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Yankees Book 'Pinstripe Empire' Reveals Hidden History and More

The latest book on the New York Yankees might be the best. 'Pinstripe Empire' by Marty Appel is THE definitive history on the most storied franchise in sports. No stone is left unturned and you are sure to learn something new about the Yankees and Major League Baseball.

When you talk about giving a definitive history of any sports franchise, you’re talking about a tall task. When that franchise happens to be the New York Yankees, you’d better buckle up for a thrilling ride. As the most storied franchise in sports, with roots beginning in 1903, New York Yankees’ history is as vast and varied as that of some countries, complete with battles, bloodshed and domination.

Yet, SCD columnist Marty Appel has accomplished the feat in his latest book, Pinstripe Empire: The New York Yankees from Before the Babe to After the Boss (which debuted as the No. 1 baseball book on Amazon). Appel, a former public relations director for the team, takes a chronological look at the franchise from the beginning, providing new insight throughout on a team that has been heavily followed by fans and scribes alike.
It’s as simple as this: Pinstripe Empire is not just for Yankees fans, but for all baseball fans. The interwoven stories of players, managers, owners and more play out splendidly in these pages.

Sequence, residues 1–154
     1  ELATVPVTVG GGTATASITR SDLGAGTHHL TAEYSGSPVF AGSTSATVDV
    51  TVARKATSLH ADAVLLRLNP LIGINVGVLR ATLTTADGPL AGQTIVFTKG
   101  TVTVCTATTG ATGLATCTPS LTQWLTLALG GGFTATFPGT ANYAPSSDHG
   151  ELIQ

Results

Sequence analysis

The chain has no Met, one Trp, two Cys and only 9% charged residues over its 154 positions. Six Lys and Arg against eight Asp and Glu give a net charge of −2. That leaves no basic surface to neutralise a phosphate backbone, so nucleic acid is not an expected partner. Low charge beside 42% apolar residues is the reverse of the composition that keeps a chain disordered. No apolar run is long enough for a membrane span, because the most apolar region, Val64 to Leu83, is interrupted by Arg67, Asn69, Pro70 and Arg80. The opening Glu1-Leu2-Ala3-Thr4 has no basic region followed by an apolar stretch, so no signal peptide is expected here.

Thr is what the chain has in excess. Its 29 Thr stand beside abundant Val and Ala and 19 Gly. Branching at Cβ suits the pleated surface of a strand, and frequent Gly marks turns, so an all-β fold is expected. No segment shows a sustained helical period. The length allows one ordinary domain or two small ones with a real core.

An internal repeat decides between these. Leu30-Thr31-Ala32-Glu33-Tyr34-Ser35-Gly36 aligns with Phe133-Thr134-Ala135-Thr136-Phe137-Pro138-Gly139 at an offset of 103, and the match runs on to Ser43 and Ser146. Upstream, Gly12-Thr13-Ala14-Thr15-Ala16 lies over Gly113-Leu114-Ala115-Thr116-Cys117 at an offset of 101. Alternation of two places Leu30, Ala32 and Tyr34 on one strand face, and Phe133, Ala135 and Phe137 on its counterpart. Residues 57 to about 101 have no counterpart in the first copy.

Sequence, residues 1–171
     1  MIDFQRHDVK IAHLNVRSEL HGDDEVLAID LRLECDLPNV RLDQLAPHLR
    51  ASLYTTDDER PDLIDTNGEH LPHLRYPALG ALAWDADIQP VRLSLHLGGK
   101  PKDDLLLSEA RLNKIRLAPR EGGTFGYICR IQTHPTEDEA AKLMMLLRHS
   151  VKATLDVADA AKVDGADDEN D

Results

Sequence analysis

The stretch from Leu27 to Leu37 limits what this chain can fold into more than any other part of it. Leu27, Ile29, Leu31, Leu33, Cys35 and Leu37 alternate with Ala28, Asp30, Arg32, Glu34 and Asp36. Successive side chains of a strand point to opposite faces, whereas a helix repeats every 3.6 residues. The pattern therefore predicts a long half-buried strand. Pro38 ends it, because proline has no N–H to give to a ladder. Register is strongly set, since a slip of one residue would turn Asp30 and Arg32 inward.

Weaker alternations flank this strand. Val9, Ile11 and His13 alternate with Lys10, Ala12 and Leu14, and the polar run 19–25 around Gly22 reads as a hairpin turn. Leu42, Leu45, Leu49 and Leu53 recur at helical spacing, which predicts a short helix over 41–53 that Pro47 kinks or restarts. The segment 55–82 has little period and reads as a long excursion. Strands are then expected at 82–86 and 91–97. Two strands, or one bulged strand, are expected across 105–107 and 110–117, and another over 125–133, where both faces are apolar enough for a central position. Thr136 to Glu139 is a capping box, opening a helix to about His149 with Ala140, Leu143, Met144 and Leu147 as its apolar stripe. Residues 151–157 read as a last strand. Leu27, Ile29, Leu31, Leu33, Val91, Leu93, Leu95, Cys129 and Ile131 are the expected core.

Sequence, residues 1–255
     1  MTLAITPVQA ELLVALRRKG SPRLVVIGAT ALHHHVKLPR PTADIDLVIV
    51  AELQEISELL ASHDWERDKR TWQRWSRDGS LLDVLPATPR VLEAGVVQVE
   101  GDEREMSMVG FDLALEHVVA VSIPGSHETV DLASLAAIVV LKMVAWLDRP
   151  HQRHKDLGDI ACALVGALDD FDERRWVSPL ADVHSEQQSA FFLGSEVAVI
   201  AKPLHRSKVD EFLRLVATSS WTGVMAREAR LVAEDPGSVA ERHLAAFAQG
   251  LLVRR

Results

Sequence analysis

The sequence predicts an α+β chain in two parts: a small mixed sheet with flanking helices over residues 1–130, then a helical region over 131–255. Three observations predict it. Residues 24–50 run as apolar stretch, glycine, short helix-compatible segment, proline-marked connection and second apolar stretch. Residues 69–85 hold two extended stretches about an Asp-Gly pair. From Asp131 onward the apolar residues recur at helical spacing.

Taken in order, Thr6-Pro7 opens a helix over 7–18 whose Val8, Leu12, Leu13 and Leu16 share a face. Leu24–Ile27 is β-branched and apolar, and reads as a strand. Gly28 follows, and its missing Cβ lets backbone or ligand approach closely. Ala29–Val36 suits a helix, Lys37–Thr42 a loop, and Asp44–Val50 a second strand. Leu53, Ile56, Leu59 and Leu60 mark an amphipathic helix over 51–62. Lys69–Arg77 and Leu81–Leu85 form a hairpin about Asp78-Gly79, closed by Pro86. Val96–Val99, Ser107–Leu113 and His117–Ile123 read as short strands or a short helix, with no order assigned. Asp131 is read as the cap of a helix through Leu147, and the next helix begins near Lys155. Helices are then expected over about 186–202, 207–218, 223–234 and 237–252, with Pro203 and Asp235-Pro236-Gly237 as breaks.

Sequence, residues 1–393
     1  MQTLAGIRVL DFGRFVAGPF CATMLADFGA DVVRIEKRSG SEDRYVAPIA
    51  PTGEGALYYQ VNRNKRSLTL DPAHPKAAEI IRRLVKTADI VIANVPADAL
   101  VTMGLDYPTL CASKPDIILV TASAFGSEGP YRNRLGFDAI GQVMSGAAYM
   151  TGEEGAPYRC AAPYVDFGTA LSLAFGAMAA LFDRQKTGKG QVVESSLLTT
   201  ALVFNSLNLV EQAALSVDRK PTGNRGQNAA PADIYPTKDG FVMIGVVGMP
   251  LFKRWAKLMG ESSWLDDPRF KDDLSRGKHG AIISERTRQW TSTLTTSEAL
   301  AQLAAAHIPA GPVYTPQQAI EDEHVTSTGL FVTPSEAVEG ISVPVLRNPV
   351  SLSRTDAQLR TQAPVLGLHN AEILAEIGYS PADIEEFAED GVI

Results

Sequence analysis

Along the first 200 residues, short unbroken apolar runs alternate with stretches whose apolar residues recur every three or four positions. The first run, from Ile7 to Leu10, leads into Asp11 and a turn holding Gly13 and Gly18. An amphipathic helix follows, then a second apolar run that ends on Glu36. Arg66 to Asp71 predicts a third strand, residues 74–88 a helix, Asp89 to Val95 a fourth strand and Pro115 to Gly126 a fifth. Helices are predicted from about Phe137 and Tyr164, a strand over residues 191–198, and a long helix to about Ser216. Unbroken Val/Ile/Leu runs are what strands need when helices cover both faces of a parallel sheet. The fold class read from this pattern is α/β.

Appel’s book is the first narrative history on the N.Y. Yankees since Frank Graham’s 1943 book, The New York Yankees: An Informal History. And what makes this book so much fun is that reading about the glory teams from the 1950s is just as entertaining as the trying years of the late 1960s and 1980s. The little details are brought out among some of the more memorable acts in the organization, such as trades of future All-Stars like Willie McGee and Fred McGriff, and how Yogi Berra managed his son Dale in 1984 — the first time that happened in the major leagues since Connie Mack and his son Earle in 1914.

While the chapters about the 1980s to the present are nice, I saw a lot of that played out on TV and in newspapers. What I truly enjoyed was the stories and information relayed about the team from its inception through the 1970s. When you can weave in tales of J. Edgar Hoover and how some of the early Yankees documents were spared from the landfill thanks to an intrepid maintenance worker, you know you have a good book.

It’s not a Who’s Who book in the sense it’s not all about Ruth, Gehrig, Mantle, Munson, Jackson and Jeter. Rather, it’s a Who’s Who book that includes players of all levels of success with the franchise. On top of that, Appel weaves in events around Major League Baseball while covering the Yankee years, which typically involved the Yankees in some fashion.

For someone who didn’t see or hear this history played out, Appel offers a fascinating look at the Bronx Bombers. Here’s another little tidbit I enjoyed: Some players had weekend Army Reserve duty during wartime, meaning many Triple A players were called up and never saw action. Appel tabbed them “Phantom Yankees,” and among them was pitcher Robin Roberts.

If you think you know everything about the Yankees, Appel will challenge that claim and probably prove you don’t (or didn’t until you read the book).